Empire State Building
It’s time for the final attraction on our 3-day New York itinerary, and you’re going to wrap up your time in the city with a visit to the beautiful and iconic Empire State Building.
Towering 1,454 ft (443.2 metres) above the city, when it was completed in the 1930s this was the tallest building in the world. It held on to that title for almost forty years, until the World Trade Centre tower superseded it.
Whilst it’s no longer the tallest building in the world, it still remains one of the most famous and well-known skyscrapers. It’s a popular visitor attraction, with a number of viewing platforms as well as a series of information exhibits for visitors to enjoy.
We have a complete guide to visiting the Empire State building which we recommend you read. In summary though, it’s well worth the admission fee and the views are spectacular. It’s also open late, so you can visit and see New York City at night if you wish.
There’s a fee to visit, and it’s included for holders of the New York Pass. You can also buy tickets (with optional skip the line) in advance here.
3 Day New York Itinerary Summary
Here’s a day-by-day summary of our three-day New York itinerary for quick reference.
- Day 1 – Central Park, American Museum of Natural History, Metropolitan Museum of Art, Museum of the City of New York, Fifth Avenue Shopping, Top of the Rock, Broadway or Other Show
- Day 2 – Statue of Liberty and Ellis Island, Skyscraper Museum, Wall Street, 9/11 Memorial Museum, Brookyln Bridge, New York Transit Museum, Sunset across Manhattan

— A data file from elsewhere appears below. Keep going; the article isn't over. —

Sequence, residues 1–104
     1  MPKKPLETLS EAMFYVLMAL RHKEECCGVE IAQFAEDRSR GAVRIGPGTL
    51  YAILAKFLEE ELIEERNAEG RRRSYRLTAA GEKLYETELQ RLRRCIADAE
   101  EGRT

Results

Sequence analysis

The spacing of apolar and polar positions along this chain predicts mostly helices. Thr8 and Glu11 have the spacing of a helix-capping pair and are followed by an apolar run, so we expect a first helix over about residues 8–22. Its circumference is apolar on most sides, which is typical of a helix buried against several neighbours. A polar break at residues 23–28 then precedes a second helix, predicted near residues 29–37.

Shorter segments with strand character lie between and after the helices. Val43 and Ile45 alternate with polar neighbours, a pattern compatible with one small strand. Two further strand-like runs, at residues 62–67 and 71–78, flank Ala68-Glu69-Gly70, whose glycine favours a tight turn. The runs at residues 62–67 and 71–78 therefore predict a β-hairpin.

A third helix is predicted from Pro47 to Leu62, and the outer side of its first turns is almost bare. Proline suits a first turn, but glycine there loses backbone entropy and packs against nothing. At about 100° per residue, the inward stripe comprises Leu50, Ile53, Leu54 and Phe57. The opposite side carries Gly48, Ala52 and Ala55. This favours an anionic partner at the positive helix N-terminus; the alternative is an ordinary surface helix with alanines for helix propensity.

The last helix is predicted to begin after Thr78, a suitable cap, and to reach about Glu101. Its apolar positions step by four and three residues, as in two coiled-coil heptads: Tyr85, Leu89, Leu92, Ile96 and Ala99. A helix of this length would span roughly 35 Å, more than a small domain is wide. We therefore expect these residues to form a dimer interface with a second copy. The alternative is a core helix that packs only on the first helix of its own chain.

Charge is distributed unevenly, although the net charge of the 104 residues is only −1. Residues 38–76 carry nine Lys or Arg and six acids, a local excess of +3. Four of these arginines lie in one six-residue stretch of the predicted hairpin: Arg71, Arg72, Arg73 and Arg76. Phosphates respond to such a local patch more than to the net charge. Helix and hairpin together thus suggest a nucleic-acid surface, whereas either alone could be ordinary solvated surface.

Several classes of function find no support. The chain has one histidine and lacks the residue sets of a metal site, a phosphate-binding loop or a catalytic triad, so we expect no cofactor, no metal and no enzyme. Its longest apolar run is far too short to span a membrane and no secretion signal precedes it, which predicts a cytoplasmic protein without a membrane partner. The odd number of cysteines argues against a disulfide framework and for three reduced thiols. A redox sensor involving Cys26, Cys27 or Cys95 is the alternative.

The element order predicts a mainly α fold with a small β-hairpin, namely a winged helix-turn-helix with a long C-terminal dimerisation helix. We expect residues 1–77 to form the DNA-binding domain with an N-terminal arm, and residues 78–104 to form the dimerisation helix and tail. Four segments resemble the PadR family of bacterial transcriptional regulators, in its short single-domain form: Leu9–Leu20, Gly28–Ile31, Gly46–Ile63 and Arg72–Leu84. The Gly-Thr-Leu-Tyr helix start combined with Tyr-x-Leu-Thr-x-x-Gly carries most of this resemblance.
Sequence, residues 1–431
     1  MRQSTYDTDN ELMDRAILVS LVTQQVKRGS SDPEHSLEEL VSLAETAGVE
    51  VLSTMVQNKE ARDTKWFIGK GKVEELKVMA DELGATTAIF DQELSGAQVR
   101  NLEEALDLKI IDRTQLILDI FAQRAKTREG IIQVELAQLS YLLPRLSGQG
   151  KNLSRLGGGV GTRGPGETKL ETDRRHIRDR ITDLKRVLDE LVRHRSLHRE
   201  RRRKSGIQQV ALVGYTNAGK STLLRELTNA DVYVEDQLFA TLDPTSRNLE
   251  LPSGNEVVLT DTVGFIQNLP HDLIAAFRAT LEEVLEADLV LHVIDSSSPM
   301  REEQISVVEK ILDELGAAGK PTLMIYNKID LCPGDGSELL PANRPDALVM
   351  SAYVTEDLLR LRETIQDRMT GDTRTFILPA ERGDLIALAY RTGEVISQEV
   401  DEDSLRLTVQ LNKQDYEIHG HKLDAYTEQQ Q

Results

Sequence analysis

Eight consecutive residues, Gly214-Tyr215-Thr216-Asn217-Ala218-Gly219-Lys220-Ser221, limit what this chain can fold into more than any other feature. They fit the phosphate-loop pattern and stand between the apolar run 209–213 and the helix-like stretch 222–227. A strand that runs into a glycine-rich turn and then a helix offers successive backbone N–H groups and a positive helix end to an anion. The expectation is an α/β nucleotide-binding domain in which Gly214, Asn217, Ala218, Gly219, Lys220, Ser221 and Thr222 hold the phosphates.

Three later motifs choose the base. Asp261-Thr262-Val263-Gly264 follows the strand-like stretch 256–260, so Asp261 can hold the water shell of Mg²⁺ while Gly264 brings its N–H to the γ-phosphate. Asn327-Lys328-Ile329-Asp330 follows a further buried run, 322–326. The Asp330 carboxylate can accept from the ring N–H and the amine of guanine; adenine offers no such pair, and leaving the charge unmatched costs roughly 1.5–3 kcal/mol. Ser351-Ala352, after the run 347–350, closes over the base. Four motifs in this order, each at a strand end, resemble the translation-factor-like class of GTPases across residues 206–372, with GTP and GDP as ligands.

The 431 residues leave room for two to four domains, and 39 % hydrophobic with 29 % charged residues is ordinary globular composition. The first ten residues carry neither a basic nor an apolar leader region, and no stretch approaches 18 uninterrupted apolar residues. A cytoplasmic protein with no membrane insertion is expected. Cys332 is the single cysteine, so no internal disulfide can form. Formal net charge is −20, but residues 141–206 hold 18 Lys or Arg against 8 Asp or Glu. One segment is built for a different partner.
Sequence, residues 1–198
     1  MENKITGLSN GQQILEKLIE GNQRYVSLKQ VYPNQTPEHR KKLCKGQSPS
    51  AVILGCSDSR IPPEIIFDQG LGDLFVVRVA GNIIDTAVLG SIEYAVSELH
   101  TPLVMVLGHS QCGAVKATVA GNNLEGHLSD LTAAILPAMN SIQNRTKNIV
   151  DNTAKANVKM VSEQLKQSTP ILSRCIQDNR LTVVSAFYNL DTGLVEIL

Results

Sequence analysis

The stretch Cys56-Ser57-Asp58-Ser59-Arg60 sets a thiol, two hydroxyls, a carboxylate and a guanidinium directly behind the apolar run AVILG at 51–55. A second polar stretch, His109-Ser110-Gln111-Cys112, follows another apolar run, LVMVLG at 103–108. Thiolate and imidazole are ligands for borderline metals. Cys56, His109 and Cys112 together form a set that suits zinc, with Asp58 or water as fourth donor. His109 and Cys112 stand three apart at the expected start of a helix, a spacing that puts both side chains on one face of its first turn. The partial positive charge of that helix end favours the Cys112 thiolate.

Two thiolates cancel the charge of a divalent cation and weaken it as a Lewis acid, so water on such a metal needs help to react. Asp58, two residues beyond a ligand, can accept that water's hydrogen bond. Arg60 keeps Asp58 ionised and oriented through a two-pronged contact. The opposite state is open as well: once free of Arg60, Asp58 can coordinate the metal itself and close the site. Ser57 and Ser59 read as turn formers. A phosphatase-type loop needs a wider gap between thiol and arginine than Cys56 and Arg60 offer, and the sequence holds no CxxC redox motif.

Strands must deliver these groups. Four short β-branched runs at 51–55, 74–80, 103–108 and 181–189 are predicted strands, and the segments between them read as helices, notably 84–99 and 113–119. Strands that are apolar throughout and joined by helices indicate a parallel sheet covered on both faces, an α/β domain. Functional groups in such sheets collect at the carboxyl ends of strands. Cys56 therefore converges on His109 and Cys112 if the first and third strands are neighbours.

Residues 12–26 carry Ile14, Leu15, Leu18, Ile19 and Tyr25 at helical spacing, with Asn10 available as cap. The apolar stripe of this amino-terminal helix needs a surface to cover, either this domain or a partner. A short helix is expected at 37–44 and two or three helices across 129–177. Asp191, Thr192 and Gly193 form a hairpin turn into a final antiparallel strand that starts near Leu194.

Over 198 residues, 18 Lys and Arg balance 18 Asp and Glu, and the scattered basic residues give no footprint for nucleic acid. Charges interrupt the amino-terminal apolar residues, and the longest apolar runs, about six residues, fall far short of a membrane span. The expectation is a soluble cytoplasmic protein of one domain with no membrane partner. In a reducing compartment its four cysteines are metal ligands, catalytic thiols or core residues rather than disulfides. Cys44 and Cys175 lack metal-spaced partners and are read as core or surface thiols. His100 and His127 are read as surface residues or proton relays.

- Day 3 – High Line, Madame Tussauds, Times Square, St. Patrick’s Cathedral, Grand Central Terminal, New York Public Library – Stephen A. Schwarzman Building, Empire State Building
Map for 3 Day New York Itinerary
To help you visualise our 3-day New York itinerary we’ve put together this map. You can also see this on Google Maps here.
How To Get Around New York City
New York City is very large. This itinerary only has you visiting two of the five boroughs (Manhattan and Brookyln), but even with that in mind you will still have quite a bit of ground to cover. For example, from Midtown (where Times Square is) to Downtown, where you’ll find Wall St, you’re looking at about a four-mile distance.
Whilst we have laid out this three-day itinerary in a way that has you visiting attractions that are closer to each other, you are likely not going to want to walk everywhere.